Not all visitors to the Desert Museum are people. One photographer I know was amazed by a scene he captured between a wayward rattlesnake trailside and an impromptu ground squirrel. He saw a women making pictures with her smart phone and he moved in tight with his Nikon and “got some amazing images” but he had never considered that rattlers might be found trailside, regardless of signs, warning folks to be alert to the possibility.
Years ago, I setup a camera on a tripod behind the Desert Museum about 2am hoping to photograph a meteor shower. As I stared into the brilliant sky alive with stars and meteors streaking across the huge expanse I was rattled into self-awareness when something behind me let loose with a loud terrifying growl. In less than ten seconds, the tripod was down and I was pulling away from my pullout on the McCain loop. The shivers up my spine had been rooted in primal concern for my very existence, the only cat in the Sonoran Desert capable of launching such a roar, was a Jaguar, who no doubt was just another visitor to the Arizona-Sonora Desert Museum.
Wandering the grounds of the Desert Museum and listening to comments from visitors from all over the world gives one an appreciation for the rarity and the uncommon value found here at this popular visitor spot.
“Look it is a hedgehog cactus!”, says one visitor pointing to a prickly pear cactus. “This cactus has ears” says another. “Deer?” “I can see deer at home” says one! “I don’t see the parrot? “ You can see the wolf, he’s behind the agave.” “Wild turkey, heh! “Excellent, I could use a little wild turkey about now, says one noontime visitor. “Can you seem ’em ?”
“Let’s see the big turtles”, upon their return, “did you see your turtle?” “Nope–he’s hidden now-shall we see if the tortoises are around?” “I don’t think they hibernate in the desert”, said another. “I didn’t see any terrapin.” ”We saw nothing, I don’t know where they are!”
“This would be a cool scavenger hunt, bring a bunch of kids and see how many animals they see, offers one visitors. “I see something moving but I can’t tell what it is-a black something” (Coatimundi).
“You can see the roadrunner.” “Is anyone else being co-operative?” “Possibly not, but you have to look, like in the Gray Fox enclosure there are two sleeping beneath the ledge.”
“The beaver’s down this way, we’re on the right road. I want to jump in and cool off with that Beaver.” “Look, there’s fish in the water, 1-2-3-4-5-6-there’s the beaver.”
“Has every one seen enough of the desert?”
“What do you think about the Sonoran desert?” “It’s okay!” said one burned out Asian visitor. “Just look at this beautiful place” says another. “Now that Bighorn, I’d like to see him climb out,” says a woman with a leopard-skill umbrella shading her head from the sun.
The direct Desert sun can be harsh on folks who rarely see it, even on a day when temps top out at 79. “When we are all sunned out-we can go into the air-conditioning-there is a pop machine there and we can refill our water bottles.”
Critters from the Sonoran desert learned from birth, like the Bobcats sleeping under their ledge, that an afternoon siesta, is the best way to handle the heat. Because of that the Museum does feature indoor air-conditioned exhibits like the new reef display featuring 14 aquariums, or the beaver exhibit, snakes or spiders, cave underground or geology exploration or the shaded Aviary, so when visitors finally decide they don’t want to go back out in the sun they can go see the Hummingbird enclosure or explore any number of cooler options.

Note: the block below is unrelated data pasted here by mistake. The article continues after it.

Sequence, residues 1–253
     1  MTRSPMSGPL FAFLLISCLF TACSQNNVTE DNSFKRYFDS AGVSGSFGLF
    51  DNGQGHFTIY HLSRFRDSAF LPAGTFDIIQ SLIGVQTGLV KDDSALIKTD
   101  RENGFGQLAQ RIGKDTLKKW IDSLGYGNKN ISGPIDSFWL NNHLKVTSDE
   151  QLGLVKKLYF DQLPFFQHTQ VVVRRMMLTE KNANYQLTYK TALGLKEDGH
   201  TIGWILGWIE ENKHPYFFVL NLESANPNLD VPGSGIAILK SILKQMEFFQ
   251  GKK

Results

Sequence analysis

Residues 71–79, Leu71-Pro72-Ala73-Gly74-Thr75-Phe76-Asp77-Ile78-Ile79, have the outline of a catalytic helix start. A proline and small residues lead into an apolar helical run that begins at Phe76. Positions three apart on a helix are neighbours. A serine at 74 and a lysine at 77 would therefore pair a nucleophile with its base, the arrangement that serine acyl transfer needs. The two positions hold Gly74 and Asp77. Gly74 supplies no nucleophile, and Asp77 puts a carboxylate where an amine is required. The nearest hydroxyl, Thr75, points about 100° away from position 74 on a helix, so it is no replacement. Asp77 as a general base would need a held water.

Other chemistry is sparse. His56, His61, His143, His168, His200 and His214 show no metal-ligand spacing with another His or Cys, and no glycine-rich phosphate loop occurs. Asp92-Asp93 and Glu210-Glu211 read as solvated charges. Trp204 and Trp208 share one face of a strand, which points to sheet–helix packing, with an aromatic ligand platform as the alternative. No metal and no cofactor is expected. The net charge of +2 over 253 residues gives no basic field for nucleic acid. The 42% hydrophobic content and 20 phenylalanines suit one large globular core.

Two older women, stooped over, and barely moving up the grade, says “we’re pretending we’re kids. Running past these enthusiastic visitors must be 30 kids all wearing red-t-shirts which mark them from the same school, making it easier for their tenders, to know which kids to roundup or push along and to take home a day’s end.
The 98 acres of the Museum continue to be owned by Pima County and leased to the Museum. ASDM is governed by an independent Board of 24 members.
The Desert Museum is ranked on TripAdvisor.com as one of the Top 10 Museums in the country and the #1 Tucson attraction. Unlike most museums, about 85% of the experience is outdoors! The 98 acre Desert Museum is a diverse experience: featuring a zoo, botanical garden, art gallery, natural history museum, and aquarium. The 21 interpreted acres has two miles of walking paths through various desert habitats, housing 230 animal species, 1,200 types of plants with 70,000 individual specimens. It houses one of the world’s most comprehensive regional mineral collections. Beyond merely an attraction, the Museum’s conservation and research programs are providing important information to help conserve the Sonoran Desert region. The Desert Museum’s Art Institute inspires conservation through art education and gallery exhibits. The Museum’s publishing division, ASDM Press, has produced over 40 books and guides on the natural and cultural history of the Sonoran Desert.
The Desert Museum is recognized as one of the finest docent corps in existence today, it began in the fall of 1972. The genesis was a small group of volunteers trained to take school children on tours of the grounds, but now the docents are stationed around the grounds to provide live interpretation to all who visit. These docents, who undergo a rigorous 15-week training program, are now devoted to giving demonstrations on the grounds, and contribute today more than 75,000 hours annually to do this.
The Museum’s other education programs developed over the years, most notably by Hal Graswho created a program to take live animals to schools and other venues. His program, begun in 1955, dubbed “The Desert Ark”, touched tens of thousands of people. Even though Gras retired from the Museum in 1985, many people today recall being inspired to learn about the desert from Gras and his Desert Ark.